The General Food Law said that every study that applicants put into their dossier is in principle public. However, for 4 specified items industry can ask for confidentiality if this is substantiated with justifiable information that reveals disclosure would significantly harm their business interests. This list is a real game changer and if EFSA detects a health risk, even this confidentiality doesn’t work anymore.

The court came from another route, the Aarhus convention, which says that if a substance ends up in the environment, citizens have the right to be informed about that. The Aarhus convention is going further than the GFL because it said that if such information is requested, it always overrides confidentiality claims. Now, a court ruling concerns always a specific case, it’s not making law. The question is how and for which other products this case can be extrapolated?

I think the GFL already sets very high standards and that, in a way, converges with the ruling asking for more transparency, which is really good for us. Obviously, the industry has some concerns about the competitiveness of European industry. There was also a lot of discussions on when in the risk assessment process EFSA should disclose this information. The legislators have decided that this should happen very early, so after a few weeks, EFSA will already have to decide whether this confidentiality can be applied.

EU court prioritises transparency over ‘secrecy’ in landmark glyphosate ruling

An EU court ruled on 7 March that the EU Food Safety Authority (EFSA) should publicise studies about Monsanto’s glyphosate, the world’s most commonly used weedkiller, which has sparked intense controversy in Europe.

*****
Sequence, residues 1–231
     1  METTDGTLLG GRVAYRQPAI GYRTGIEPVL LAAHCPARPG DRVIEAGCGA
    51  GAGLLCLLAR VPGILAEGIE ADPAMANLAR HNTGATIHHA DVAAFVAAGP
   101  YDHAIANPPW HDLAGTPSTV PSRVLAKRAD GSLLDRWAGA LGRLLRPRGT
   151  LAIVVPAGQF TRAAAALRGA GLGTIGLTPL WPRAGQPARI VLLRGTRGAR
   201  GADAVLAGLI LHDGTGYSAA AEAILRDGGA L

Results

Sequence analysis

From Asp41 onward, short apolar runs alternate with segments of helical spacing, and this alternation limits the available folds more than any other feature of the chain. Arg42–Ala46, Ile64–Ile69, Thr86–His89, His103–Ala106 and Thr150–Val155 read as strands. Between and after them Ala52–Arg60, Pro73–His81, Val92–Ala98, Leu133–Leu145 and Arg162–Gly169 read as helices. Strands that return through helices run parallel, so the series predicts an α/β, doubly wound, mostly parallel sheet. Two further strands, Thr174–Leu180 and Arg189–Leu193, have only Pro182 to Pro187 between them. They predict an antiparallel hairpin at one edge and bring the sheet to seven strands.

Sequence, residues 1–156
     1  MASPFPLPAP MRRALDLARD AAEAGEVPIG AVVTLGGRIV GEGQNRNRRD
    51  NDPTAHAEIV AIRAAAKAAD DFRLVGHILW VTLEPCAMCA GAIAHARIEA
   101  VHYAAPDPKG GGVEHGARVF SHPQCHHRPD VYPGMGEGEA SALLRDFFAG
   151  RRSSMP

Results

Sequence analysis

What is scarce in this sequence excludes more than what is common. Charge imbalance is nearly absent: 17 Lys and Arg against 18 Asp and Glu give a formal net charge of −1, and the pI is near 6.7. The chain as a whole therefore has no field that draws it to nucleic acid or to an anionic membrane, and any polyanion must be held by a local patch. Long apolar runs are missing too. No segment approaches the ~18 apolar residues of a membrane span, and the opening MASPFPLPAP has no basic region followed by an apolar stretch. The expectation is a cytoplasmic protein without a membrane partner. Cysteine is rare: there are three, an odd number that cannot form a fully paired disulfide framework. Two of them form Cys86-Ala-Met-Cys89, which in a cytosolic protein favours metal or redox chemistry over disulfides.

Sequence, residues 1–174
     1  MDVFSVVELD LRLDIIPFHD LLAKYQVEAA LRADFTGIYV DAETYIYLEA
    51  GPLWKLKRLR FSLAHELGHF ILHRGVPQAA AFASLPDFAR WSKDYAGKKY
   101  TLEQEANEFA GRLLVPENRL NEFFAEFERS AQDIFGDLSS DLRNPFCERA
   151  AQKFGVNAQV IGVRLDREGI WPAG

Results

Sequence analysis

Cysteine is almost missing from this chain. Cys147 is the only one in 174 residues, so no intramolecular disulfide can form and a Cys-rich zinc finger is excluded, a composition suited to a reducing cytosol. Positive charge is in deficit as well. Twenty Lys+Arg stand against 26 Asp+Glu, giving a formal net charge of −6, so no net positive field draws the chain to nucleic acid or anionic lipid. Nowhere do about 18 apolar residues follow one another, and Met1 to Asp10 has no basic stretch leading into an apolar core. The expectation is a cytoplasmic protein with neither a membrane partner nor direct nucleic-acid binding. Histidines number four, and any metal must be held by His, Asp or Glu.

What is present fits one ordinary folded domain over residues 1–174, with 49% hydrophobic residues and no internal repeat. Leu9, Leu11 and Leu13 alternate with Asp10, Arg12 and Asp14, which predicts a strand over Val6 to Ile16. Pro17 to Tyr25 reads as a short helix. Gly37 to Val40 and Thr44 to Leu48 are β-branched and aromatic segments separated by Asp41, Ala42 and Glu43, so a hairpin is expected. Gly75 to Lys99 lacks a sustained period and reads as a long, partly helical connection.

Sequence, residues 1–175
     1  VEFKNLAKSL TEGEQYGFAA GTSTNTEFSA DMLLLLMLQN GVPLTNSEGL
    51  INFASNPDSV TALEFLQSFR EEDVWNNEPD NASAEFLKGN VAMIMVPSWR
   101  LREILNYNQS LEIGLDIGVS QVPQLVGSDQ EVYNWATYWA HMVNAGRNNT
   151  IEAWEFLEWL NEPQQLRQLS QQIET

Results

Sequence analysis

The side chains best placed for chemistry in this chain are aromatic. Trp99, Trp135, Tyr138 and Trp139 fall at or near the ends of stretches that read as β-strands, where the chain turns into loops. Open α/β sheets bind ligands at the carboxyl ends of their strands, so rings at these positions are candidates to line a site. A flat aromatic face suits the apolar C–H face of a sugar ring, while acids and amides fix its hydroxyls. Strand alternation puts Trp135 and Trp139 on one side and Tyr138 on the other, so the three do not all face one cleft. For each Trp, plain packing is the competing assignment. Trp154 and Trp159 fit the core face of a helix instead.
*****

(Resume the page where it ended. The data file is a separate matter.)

As you know, your predecessor could become the head of FAO, would you like to wish her good luck?

Yes, that would be fantastic. From my personal perspective, it would be great if Catherine  [Geslain-Laneelle] would be elected as Director-General of FAO. I know her from my own experience, she was my boss at EFSA. She’s a fantastic woman, powerful, smart. And I think also for FAO, it would be good to have a woman at the helm of this global organization.

But I think it would be good for the collaboration between ESA and FAO. What we say is “if it’s not safe, it’s not food.” And how we can make safe food sustainable is, in addition to climate change one of the biggest challenges of the planet.

EU's FAO candidate champions producing 'more and better'

There is no universal solution to producing more and better produce, according to the former head of the European Food Safety Authority (EFSA), who is now running to become director general of the UN’s food and agriculture agency (FAO).

[Edited by Zoran Radosavljevic and Frédéric Simon]

Subscribe to our newsletters